How an egg cell's "operating manual" sets the stage for fertility

October 08, 2020

Baltimore, MD-- Recently published work from Carnegie's Allan Spradling and Wanbao Niu revealed in unprecedented detail the genetic instructions immature egg cells go through step by step as they mature into functionality. Their findings improve our understanding of how ovaries maintain a female's fertility.

The general outline of how immature egg cells are assisted by specific ovarian helper cells starting even before a female is born is well understood. But Spradling and Niu mapped the gene activity of thousands of immature egg cells and helper cells to learn how the stage is set for fertility later in life.

Even before birth, "germ" cells assemble a finite number of cell clusters called follicles in a female's ovaries. Follicles consist of an immature egg cell and some "helper" cells, which guide the egg through its maturation process. It is from a follicle that a mature egg cell bursts during ovulation.

"Follicles are slowly used up during a female's reproductive lifespan and menopause ensues when they run out. Understanding what it takes for follicles to form and develop successfully, helps us learn how damaged genes or adverse environmental factors, including a poor diet, can interfere with fertility," explained Spradling. "By documenting the follicle's genetic operating manual, problems in egg development that might lead to birth defects --as a result of mutations or due to bad nutrition-- can be better understood and reduced."

Spradling and Niu sequenced 52,500 mouse ovarian cells at seven stages of follicle development to determine the relative expression of thousands of genes and to characterize their roles.

The study also illuminated how mammalian ovaries produce two distinct types of follicles and Spradling and Niu were able to identify many differences in gene activity between them.

The first, called wave 1 follicles, are present in the ovary even before puberty. In mice, they generate the first fertile eggs; their function in humans is poorly understood, but they may produce useful hormones. The second type, called wave 2 follicles, are stored in a resting state but small groups are activated to mature during a female's hormonal cycle, ending in ovulation. The findings help clarify each type's roles.

Spradling and Niu's work and all its underlying data were published by Proceedings of the National Academy of Sciences.

"We hope our work will serve as a genetic resource for all researchers who study reproduction and fertility," concluded Spradling.
This work was funded by the Howard Hughes Medical Institute.

Carnegie Institution for Science

Related Fertility Articles from Brightsurf:

What are your chances of having a second IVF baby after fertility treatment for the first?
As the restrictions on fertility clinics start to be lifted and IVF treatment resumes, research published in Human Reproduction journal offers reassuring news to women who have had to delay their treatment for a second IVF baby because of the coronavirus.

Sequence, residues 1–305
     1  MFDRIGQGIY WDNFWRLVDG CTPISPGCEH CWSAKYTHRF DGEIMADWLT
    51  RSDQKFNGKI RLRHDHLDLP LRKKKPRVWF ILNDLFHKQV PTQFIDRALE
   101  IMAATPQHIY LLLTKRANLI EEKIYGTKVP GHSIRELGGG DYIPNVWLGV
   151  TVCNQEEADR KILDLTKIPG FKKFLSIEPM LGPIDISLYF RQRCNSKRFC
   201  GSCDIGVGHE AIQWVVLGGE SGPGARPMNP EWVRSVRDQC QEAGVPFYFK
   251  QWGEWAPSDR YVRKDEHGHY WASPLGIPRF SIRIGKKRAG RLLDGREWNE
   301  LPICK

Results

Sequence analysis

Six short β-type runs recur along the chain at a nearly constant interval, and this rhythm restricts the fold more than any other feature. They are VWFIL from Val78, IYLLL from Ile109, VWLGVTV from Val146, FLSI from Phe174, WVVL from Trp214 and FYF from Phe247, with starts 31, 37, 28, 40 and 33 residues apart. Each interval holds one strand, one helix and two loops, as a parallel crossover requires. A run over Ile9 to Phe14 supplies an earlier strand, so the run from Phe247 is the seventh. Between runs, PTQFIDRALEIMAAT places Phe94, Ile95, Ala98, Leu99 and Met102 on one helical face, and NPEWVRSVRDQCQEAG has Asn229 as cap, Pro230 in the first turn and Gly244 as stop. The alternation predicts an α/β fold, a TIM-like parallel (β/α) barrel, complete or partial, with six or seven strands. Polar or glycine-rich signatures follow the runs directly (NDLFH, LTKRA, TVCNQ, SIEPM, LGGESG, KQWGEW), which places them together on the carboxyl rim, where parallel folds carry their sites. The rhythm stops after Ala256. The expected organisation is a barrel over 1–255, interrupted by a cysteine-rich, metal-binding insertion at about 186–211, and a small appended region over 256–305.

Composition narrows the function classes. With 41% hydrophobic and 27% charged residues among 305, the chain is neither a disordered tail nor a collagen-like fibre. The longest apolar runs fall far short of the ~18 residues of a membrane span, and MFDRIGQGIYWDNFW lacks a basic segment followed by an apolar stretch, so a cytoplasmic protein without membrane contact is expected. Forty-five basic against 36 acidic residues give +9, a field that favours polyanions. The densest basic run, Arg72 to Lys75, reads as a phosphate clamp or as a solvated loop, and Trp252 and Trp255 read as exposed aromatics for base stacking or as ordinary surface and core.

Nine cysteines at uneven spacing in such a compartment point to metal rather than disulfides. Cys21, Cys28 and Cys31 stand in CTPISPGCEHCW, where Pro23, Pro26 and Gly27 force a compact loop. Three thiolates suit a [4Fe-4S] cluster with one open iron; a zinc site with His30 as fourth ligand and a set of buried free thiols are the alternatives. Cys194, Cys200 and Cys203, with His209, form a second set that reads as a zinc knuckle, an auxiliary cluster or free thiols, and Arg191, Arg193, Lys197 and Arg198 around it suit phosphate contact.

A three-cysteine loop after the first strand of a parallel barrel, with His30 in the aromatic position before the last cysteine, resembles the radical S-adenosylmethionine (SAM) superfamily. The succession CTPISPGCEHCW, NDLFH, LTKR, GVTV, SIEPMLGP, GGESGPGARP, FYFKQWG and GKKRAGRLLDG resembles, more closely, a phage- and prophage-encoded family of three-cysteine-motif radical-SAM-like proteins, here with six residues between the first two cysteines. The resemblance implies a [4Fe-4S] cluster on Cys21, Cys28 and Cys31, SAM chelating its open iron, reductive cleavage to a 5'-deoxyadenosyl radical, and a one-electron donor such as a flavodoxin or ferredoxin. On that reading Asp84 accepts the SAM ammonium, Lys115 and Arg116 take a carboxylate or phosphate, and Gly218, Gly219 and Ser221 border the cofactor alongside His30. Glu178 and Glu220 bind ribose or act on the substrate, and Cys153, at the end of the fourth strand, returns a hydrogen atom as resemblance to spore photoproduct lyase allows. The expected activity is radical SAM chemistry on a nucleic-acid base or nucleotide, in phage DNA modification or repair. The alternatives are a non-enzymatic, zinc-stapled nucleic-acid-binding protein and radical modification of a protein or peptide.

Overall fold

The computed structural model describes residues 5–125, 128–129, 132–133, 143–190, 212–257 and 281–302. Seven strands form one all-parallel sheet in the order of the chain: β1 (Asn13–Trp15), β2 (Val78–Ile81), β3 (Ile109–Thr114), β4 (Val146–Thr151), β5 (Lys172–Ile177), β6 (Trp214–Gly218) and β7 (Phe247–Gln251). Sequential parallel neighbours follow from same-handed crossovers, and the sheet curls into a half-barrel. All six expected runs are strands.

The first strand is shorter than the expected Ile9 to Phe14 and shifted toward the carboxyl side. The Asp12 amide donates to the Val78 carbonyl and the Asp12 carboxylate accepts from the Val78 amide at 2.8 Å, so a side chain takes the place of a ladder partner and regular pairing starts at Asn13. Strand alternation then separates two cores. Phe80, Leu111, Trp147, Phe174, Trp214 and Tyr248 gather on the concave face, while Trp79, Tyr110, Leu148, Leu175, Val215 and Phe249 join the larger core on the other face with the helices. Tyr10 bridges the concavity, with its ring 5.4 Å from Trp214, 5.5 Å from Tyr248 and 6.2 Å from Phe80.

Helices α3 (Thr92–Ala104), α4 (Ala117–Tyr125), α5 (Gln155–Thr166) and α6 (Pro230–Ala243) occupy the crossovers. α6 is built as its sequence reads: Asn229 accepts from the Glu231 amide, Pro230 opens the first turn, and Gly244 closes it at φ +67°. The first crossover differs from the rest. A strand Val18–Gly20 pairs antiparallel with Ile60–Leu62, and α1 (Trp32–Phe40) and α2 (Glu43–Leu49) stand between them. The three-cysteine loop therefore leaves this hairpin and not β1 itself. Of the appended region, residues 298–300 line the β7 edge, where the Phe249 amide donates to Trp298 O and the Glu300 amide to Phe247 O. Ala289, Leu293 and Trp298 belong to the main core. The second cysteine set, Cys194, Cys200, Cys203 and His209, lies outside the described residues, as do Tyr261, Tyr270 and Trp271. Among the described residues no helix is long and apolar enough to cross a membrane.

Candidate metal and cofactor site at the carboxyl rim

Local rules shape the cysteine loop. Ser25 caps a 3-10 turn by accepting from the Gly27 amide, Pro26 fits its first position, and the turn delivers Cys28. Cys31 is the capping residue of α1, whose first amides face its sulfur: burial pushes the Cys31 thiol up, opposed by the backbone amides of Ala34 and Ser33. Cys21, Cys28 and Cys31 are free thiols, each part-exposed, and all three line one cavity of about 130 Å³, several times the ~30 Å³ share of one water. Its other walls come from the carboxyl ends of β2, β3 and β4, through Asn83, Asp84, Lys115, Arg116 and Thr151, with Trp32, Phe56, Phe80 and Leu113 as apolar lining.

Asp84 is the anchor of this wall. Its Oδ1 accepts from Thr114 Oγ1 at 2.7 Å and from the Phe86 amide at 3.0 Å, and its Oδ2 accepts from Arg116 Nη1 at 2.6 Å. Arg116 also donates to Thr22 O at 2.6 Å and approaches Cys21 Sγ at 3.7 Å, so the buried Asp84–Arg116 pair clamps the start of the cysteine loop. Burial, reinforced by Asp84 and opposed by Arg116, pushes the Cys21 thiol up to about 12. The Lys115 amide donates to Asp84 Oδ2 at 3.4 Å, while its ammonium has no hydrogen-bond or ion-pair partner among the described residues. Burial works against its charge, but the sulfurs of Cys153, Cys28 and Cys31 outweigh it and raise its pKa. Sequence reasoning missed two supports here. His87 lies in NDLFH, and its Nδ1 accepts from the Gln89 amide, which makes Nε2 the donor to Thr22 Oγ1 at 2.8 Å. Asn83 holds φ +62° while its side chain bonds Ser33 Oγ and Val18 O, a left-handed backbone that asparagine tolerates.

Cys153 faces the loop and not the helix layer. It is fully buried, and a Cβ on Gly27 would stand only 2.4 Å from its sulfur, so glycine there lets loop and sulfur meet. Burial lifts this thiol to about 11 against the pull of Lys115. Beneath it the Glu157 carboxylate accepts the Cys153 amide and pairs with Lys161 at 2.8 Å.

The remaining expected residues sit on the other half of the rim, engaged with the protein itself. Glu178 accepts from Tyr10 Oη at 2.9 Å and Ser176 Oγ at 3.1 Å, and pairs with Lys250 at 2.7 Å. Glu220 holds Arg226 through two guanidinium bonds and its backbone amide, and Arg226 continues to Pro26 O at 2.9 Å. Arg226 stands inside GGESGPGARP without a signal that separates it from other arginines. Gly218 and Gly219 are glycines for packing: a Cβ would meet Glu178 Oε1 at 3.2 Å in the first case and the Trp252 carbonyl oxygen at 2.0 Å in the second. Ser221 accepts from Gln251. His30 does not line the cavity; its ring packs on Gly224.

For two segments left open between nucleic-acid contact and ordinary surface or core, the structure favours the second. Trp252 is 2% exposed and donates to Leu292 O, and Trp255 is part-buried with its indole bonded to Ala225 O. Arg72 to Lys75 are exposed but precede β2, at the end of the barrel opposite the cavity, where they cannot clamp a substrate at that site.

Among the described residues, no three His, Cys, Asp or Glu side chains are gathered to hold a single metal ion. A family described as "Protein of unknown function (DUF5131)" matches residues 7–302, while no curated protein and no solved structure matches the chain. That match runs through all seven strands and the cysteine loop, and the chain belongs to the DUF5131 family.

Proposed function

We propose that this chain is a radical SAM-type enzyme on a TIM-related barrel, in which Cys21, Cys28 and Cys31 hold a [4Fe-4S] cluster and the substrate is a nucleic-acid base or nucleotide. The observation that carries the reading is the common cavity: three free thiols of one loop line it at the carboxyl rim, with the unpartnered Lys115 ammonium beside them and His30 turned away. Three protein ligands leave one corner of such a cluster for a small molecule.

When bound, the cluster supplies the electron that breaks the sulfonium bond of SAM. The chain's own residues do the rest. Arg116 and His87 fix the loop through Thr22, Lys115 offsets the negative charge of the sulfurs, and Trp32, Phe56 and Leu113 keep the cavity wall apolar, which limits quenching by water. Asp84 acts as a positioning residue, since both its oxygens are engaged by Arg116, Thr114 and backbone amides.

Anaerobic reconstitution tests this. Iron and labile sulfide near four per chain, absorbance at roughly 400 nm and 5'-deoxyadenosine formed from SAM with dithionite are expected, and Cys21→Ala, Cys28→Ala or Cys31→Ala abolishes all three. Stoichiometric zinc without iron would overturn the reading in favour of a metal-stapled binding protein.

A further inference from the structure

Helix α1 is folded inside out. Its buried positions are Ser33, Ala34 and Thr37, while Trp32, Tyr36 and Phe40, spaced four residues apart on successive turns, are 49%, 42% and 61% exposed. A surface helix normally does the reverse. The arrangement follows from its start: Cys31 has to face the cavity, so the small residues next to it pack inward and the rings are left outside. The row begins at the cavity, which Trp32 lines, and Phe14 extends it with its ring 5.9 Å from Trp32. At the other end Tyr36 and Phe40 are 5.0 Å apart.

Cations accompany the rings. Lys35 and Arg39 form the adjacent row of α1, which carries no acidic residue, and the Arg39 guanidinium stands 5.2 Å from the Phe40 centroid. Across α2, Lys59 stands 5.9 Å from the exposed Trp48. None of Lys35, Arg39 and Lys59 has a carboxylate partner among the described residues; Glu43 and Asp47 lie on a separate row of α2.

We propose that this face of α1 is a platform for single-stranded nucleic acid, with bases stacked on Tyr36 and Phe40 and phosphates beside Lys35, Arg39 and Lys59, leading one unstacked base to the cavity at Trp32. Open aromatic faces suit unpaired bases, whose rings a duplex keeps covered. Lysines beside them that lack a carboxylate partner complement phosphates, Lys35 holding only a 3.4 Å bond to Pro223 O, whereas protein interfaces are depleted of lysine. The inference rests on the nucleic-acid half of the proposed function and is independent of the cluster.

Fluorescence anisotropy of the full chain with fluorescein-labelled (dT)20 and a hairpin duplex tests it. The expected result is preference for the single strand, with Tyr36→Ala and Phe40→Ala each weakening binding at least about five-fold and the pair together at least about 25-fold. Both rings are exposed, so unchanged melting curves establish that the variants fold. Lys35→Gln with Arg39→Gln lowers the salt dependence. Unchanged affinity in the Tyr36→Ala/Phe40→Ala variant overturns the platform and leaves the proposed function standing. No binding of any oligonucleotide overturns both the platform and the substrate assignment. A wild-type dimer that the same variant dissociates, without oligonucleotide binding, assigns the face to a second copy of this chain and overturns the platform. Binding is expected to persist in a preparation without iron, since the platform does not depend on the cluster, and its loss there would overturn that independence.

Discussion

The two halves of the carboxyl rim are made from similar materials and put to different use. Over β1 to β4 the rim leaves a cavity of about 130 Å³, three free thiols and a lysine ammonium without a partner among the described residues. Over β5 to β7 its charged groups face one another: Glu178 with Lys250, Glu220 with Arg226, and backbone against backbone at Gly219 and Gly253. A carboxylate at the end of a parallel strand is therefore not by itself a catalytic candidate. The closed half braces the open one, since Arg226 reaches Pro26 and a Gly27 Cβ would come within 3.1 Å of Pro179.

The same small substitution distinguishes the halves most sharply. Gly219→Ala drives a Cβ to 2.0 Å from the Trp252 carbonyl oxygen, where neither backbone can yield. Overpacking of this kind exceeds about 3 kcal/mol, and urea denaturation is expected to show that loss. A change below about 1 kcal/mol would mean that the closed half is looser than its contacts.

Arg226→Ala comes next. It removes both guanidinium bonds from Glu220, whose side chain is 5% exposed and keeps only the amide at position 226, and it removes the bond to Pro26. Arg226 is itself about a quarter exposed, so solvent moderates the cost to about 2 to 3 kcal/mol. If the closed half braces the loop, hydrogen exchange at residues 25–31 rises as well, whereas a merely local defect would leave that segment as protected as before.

Fertility preservation use among transgender adolescents
Transgender adolescents often seek hormonal intervention to achieve a body consistent with their gender identity and those interventions affect reproductive function.

A new way to assess male fertility
Current tests for male fertility include measuring the concentration and motility of spermatozoa.

Male fertility after chemotherapy: New questions raised
Professor Delb├Ęs, who specializes in reproductive toxicology, conducted a pilot study in collaboration with oncologists and fertility specialists from the McGill University Health Centre (MUHC) on a cohort of 13 patients, all survivors of pediatric leukemia and lymphoma.

Vaping may harm fertility in young women
E-cigarette usage may impair fertility and pregnancy outcomes, according to a mouse study published in the Journal of the Endocrine Society.

Are fertility apps useful?
Researchers at EPFL and Stanford have carried out an analysis of the largest datasets from fertility awareness apps.

Marijuana and fertility: Five things to know
For patients who smoke marijuana and their physicians, 'Five things to know about ... marijuana and fertility' provides useful information for people who may want to conceive.

How could a changing climate affect human fertility?
Human adaptation to climate change may include changes in fertility, according to a new study by an international group of researchers.

Migrants face a trade-off between status and fertility
Researchers from the universities of Helsinki, Turku and Missouri as well as the Family Federation of Finland present the first results from a new, extraordinarily comprehensive population-wide dataset that details the lives of over 160,000 World War II evacuees in terms of integration.

Phthalates may impair fertility in female mice
A phthalate found in many plastic and personal care products may decrease fertility in female mice, a new study found.

Read More: Fertility News and Fertility Current Events is a participant in the Amazon Services LLC Associates Program, an affiliate advertising program designed to provide a means for sites to earn advertising fees by advertising and linking to